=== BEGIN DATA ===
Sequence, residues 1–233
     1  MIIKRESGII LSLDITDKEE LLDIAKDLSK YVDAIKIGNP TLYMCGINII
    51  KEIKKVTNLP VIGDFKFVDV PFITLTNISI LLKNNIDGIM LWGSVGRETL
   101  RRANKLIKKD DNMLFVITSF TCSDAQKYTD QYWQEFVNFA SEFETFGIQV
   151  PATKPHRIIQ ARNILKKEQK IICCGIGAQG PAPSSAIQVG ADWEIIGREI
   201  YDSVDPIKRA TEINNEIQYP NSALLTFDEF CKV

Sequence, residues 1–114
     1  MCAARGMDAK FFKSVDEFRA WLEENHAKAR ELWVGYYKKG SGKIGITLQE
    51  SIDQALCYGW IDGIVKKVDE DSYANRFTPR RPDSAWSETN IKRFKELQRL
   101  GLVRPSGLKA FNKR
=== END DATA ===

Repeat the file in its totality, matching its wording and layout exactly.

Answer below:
Sequence, residues 1–233
     1  MIIKRESGII LSLDITDKEE LLDIAKDLSK YVDAIKIGNP TLYMCGINII
    51  KEIKKVTNLP VIGDFKFVDV PFITLTNISI LLKNNIDGIM LWGSVGRETL
   101  RRANKLIKKD DNMLFVITSF TCSDAQKYTD QYWQEFVNFA SEFETFGIQV
   151  PATKPHRIIQ ARNILKKEQK IICCGIGAQG PAPSSAIQVG ADWEIIGREI
   201  YDSVDPIKRA TEINNEIQYP NSALLTFDEF CKV

Sequence, residues 1–114
     1  MCAARGMDAK FFKSVDEFRA WLEENHAKAR ELWVGYYKKG SGKIGITLQE
    51  SIDQALCYGW IDGIVKKVDE DSYANRFTPR RPDSAWSETN IKRFKELQRL
   101  GLVRPSGLKA FNKR